Related Coverage of Lab Developed Tests
At first glance, it’s hard to imagine anything as obscure as a policy by a private contracting firm that runs the Medicare program in the Carolinas, Virginia and West Virginia.
But look closer: a “local coverage determination” by Palmetto GBA addresses an urgent, vexing problem of precision oncology: how advanced molecular testing can be used to determine treatment options for individual patients and what insurers will be willing to pay for.
The coverage determination, titled “Comprehensive Genomic Profiling for Non-Small Cell Lung Cancer” popped up on a government website well after close of business Jan. 22. There was no press release; no rollout whatsoever.
How is this for a plan:
Replace the U.S. system for validation and payment for cancer genomic tests with something that actually makes sense.
Dane Dickson, a doctor in Idaho, who until recently had the distinction of being the only oncologist working under the roof of Centers for Medicare and Medicaid Services, would like to do just that—and some important players in cancer research are betting on his success.
Dane Dickson would like to change the U.S. system for validation and coverage of molecular tests, thereby opening the road to development of complex tests and comprehensive genomic assays.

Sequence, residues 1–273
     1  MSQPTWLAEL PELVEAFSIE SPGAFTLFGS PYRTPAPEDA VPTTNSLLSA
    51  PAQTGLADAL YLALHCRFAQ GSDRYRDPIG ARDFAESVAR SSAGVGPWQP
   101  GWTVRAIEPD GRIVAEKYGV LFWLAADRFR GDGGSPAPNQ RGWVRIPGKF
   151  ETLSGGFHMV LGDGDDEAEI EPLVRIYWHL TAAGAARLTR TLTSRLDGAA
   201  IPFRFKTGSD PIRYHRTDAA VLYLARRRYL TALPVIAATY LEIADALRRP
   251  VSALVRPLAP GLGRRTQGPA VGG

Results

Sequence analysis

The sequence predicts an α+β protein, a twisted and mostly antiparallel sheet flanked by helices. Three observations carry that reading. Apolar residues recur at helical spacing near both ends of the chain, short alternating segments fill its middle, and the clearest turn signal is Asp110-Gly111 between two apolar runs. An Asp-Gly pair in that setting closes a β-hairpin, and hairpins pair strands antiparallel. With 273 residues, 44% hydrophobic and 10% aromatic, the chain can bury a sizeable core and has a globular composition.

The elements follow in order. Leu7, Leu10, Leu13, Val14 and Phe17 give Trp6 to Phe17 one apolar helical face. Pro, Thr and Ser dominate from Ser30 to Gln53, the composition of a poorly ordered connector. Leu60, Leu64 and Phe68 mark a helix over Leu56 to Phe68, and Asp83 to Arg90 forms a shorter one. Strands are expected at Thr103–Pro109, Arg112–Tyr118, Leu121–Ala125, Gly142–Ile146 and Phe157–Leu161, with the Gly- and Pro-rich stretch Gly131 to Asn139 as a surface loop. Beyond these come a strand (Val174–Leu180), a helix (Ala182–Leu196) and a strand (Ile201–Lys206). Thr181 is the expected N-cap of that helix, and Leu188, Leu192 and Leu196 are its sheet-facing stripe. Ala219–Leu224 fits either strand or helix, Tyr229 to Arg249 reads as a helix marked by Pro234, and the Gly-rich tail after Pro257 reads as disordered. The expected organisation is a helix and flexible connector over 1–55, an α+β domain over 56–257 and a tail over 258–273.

It’s possible that molecular testing is doing a lot of good, pinpointing cancer therapies that are most likely (or least likely) to work.
It’s also possible that Medicare is paying for molecular tests that are marketed aggressively despite being based on flimsy evidence.
The latter picture is painted in a suit filed by two former employees of Caris Life Sciences Inc., a company that markets the “Caris Molecular Intelligence” test, a panel of assays previously called “Target Now.”
Tumor profiling information Caris Life Sciences provides in its reports isn’t backed by sufficient evidence to justify some clinical decisions, said Daniel Hayes, a breast cancer expert at the University of Michigan.
Hayes, the university’s Stuart B. Padnos Professor of Breast Cancer Research and a member of a recent Institute of Medicine committee that issued a report on omics, was clicking through the Caris website as he spoke with Paul Goldberg, editor and publisher of The Cancer Letter.
FDA announced two plans to resolve a cluster of impediments to personalized cancer care:
• At the same time, the agency will begin phasing in oversight of the essentially unregulated terrain of laboratory-developed tests.
The American Association for Cancer Research urged FDA to regulate high-risk laboratory-developed tests, a category of assays that has escaped scrutiny because of loopholes in the regulatory process.
Normally, FDA requires that diagnostic tests developed by manufacturers adhere to three measures: analytic validity, clinical validity, and clinical utility. However, laboratories can get around this requirement by using laboratory-developed tests, or LDTs.
FDA published two draft guidance documents Oct. 3 for regulatory oversight, notification and medical device reporting for laboratory developed tests.
LDTs are a category of assays that has escaped scrutiny because of loopholes in the regulatory process—laboratories can get around FDA measures of analytic validity, clinical validity and clinical utility using LDTs.